• Adult Children Exposed to Domestic Violence
  • Runaway & Homeless Youth Toolkit
  • Prevent Intimate Partner Violence
  • Violence Against Women Resource Library
  • Domestic Violence and Housing Technical Assistance Consortium
  • Domestic Violence Awareness Project
  • National Resource Center on Domestic Violence


If you are in danger call 911.
Or reach the National Domestic Violence Hotline
at 1­-800-799-7233 or TTY 1­-800-787-3224.
review these safety tips.

  • Bookmark and Share

DVAM 2019 is Now!

Awareness + Action = Social Change: How a bold and courageous social justice approach can help heal and re-energize our movement

by Patty Branco, Senior Technical Assistance & Resource Specialist for the National Resource Center on Domestic Violence

This October, the Domestic Violence Awareness Project of the National Resource Center on Domestic Violence (NRCDV) is building upon conversations from 2015 around Awareness + Action = Social Change by offering key awareness activities and action steps for propelling us forward together.

We are elevating the voices of survivors, lifting up resiliency and healing as a 
transformative response to domestic violence, supporting self-care in advocacy, revisiting the passion that fuels our movement, and embracing new directions for bold and intentional social change work. Learn more!

Elevating the experiences of survivors. Recognizing domestic violence in its many forms is critical if we are to take action to effectively address and prevent it. Throughout October, our #ThisIsDV social media campaign will amplify the voices of survivors to help validate and name their experiences and raise awareness about the multifaceted nature of domestic violence.

As we listen to the voices of survivors, we recognize that domestic violence is linked to a web of oppressive systems such as racism, xenophobia, classism, ableism, sexism, and homophobia, and that violence disproportionately affects women, children, and other marginalized groups (see “Why is it important to bring a racial justice framework to our efforts to end domestic violence?”). Experiencing multiple forms of oppression increases one’s vulnerability to violence, and can make it more challenging for victims to find help and support that is culturally responsive to their individual needs. 

Our responses to domestic violence must account for the most marginalized populations and their safety and self-determination needs. Grassroots networks and organizations such as INCITE!, the Third Eye Collective and Creative Interventions remind us of the limitations of our mainstream systems (e.g., criminal justice system, shelter system) in meeting the needs of survivors of color, especially women, gender non-conforming, and trans individuals. These organizations also envision and create models that support alternative community-based, non-state interventions to domestic violence. This October and beyond, NRCDV will bring these conversations to the forefront of our work and focus its attention on the importance of holistic strategies for addressing domestic violence that take into consideration the lived experiences of all survivors and an intersectionality framework (see “Why intersectionality can’t wait” by Kimberlé Crenshaw).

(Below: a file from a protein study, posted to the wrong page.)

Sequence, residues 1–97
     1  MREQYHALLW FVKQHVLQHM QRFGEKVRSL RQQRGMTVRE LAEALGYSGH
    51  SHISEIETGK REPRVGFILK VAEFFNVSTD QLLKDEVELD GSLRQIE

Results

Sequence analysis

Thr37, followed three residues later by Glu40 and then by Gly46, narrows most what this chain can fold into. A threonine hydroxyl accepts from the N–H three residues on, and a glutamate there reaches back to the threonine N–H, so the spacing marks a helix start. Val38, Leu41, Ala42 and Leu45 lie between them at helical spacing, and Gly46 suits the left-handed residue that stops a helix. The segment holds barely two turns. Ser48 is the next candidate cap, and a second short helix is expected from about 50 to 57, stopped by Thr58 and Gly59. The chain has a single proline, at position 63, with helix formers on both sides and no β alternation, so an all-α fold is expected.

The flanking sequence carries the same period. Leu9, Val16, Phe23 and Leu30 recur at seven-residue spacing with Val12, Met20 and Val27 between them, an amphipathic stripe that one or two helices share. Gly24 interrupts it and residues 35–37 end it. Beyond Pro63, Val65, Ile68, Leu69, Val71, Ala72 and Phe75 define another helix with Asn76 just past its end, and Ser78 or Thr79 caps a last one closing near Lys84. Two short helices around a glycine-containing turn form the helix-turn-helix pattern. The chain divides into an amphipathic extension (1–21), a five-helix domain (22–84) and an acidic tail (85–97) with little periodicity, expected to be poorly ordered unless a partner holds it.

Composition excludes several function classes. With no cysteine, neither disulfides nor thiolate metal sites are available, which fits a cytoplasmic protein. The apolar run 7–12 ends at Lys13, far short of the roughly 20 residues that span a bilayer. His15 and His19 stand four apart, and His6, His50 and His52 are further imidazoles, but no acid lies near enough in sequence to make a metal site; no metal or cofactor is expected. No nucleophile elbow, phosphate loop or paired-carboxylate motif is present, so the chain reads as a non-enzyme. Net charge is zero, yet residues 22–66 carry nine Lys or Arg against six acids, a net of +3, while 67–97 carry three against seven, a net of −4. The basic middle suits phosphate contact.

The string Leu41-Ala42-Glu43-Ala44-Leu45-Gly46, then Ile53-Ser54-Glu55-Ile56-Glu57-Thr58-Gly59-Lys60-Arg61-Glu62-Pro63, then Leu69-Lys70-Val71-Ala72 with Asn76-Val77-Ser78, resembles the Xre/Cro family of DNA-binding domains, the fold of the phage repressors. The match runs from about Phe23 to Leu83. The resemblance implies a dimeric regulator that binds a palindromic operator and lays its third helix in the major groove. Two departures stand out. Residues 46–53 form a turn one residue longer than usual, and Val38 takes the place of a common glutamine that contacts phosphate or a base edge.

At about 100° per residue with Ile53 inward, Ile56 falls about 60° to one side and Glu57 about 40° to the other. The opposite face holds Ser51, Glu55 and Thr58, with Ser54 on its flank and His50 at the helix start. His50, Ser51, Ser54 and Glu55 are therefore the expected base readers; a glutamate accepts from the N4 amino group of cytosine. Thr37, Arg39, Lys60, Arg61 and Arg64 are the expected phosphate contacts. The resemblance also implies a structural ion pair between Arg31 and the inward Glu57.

“There is no such thing as a single-issue struggle because we do not live single-issue lives.”
- Audre Lorde


Lifting up resiliency and healing. As we engage in the very important work of promoting social change and justice, we must commit to our individual and collective healing. Our histories of trauma – whether those experiences are historic or current, individual or collective – can hinder our ability to build relationships, envision a future without violence, and access our collective power to bring about social change and justice (Generation FIVE, 2007; Garrigues, 2013). Understanding trauma and promoting healing and resilience are therefore critical to increasing our collective power and wellness as a social movement.

During this year’s National Call of Unity: Healing the Heart of the Movement we will lift up resiliency and wellness as a transformative response to violence and trauma as we shed light on the pain that continues to exist in our communities and how this pain permeates our work. In addition, VAWnet’s TA Question of the Month, “Why is healing from collective trauma critical for our social justice efforts?”, offers a detailed discussion of how collective trauma can disable our collective power as a social movement and how collective resilience can support advocates, healers, activists and community organizers in our efforts against systemic violence and oppression.